Live nephron imaging by MRI.
Authors Qian C, Yu X, Pothayee N, Dodd S, Bouraoud N, Star R, Bennett K, Koretsky A
Submitted By Submitted Externally on 1/6/2015
Status Published
Journal American journal of physiology. Renal physiology
Year 2014
Date Published 11/15/2014
Volume : Pages 307 : F1162 - F1168
PubMed Reference 25186296
Abstract The local sensitivity of MRI can be improved with small MR detectors placed
close to regions of interest. However, to maintain such sensitivity advantage,
local detectors normally need to communicate with the external amplifier through
cable connections, which prevent the use of local detectors as implantable
devices. Recently, an integrated wireless amplifier was developed that can
efficiently amplify and broadcast locally detected signals, so that the local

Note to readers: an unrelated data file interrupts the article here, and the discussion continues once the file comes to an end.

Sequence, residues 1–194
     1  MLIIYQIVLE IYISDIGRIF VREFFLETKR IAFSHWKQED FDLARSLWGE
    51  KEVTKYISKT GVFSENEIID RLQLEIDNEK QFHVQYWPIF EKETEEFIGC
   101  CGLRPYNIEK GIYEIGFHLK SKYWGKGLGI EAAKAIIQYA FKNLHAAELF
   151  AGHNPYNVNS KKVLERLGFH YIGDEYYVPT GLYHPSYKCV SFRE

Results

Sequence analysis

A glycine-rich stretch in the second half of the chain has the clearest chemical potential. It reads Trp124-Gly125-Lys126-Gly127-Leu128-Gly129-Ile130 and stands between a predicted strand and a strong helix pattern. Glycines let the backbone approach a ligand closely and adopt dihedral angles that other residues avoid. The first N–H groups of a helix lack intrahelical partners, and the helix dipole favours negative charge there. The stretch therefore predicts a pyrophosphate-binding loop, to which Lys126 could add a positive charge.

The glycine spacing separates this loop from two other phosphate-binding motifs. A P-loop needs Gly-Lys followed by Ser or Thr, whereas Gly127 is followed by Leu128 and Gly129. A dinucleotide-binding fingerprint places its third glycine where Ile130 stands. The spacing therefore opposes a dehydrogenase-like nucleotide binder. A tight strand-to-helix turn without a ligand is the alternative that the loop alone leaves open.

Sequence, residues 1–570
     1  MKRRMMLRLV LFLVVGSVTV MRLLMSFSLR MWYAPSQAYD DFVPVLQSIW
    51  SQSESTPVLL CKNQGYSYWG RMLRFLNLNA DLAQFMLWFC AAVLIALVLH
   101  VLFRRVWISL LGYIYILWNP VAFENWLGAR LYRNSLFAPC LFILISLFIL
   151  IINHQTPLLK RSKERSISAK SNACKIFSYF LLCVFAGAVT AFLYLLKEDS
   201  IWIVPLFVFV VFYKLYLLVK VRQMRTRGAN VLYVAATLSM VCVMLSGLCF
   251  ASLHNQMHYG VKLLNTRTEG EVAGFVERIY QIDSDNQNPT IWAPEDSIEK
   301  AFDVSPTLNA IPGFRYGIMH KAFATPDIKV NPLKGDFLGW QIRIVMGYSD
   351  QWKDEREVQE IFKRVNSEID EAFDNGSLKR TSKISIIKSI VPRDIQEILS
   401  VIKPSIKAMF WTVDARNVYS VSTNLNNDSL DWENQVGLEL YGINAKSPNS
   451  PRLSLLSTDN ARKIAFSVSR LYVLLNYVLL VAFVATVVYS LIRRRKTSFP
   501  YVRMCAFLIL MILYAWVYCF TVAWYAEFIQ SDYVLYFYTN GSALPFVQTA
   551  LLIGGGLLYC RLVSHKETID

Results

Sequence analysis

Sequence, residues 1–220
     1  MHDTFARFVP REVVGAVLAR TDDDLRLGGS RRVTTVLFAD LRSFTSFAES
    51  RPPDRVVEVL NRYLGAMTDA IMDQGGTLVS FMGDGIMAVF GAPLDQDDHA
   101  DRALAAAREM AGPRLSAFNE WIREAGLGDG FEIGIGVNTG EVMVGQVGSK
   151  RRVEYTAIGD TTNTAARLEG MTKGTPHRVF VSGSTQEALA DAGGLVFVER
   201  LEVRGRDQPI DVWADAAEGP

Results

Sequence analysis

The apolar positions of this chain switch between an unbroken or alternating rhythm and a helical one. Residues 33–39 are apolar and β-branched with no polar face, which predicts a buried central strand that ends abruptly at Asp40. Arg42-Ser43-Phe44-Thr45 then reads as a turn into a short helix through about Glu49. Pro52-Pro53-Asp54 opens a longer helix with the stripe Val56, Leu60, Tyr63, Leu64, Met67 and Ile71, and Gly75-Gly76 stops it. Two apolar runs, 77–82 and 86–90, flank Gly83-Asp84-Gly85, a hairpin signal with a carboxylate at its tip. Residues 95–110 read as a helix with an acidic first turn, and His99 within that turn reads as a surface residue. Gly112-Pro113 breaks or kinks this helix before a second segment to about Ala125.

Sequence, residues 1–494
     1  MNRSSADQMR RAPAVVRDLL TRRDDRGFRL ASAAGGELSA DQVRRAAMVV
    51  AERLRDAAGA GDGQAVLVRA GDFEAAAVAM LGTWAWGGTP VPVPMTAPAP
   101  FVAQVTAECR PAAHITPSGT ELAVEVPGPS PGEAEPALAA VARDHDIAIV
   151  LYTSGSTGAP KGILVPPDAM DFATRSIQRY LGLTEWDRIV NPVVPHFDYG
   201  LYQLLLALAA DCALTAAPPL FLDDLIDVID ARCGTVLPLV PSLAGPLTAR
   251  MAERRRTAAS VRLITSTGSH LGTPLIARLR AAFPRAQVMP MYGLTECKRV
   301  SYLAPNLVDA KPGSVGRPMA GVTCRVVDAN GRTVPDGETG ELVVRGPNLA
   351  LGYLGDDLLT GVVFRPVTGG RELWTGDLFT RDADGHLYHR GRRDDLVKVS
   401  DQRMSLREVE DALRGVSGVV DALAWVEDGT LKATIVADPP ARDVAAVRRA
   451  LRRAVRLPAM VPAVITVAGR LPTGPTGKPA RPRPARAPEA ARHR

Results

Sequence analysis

sensitivity was enhanced without the need for cable connections. This integrated
detector enabled the live imaging of individual glomeruli using negative
contrast introduced by cationized ferritin, and the live imaging of renal
tubules using positive contrast introduced by gadopentetate dimeglumine. Here,
we utilized the high blood flow to image individual glomeruli as hyperintense
regions without any contrast agent. These hyperintense regions were identified
for pixels with signal intensities higher than the local average. Addition of
Mn(2+) allowed the simultaneous detection of both glomeruli and renal tubules:
Mn(2+) was primarily reabsorbed by renal tubules, which would be distinguished
from glomeruli due to higher enhancement in T1-weighted MRI. Dynamic studies of
Mn(2+) absorption confirmed the differential absorption affinity of glomeruli
and renal tubules, potentially enabling the in vivo observation of nephron

Investigators with authorship
Kevin BennettWashington University in St Louis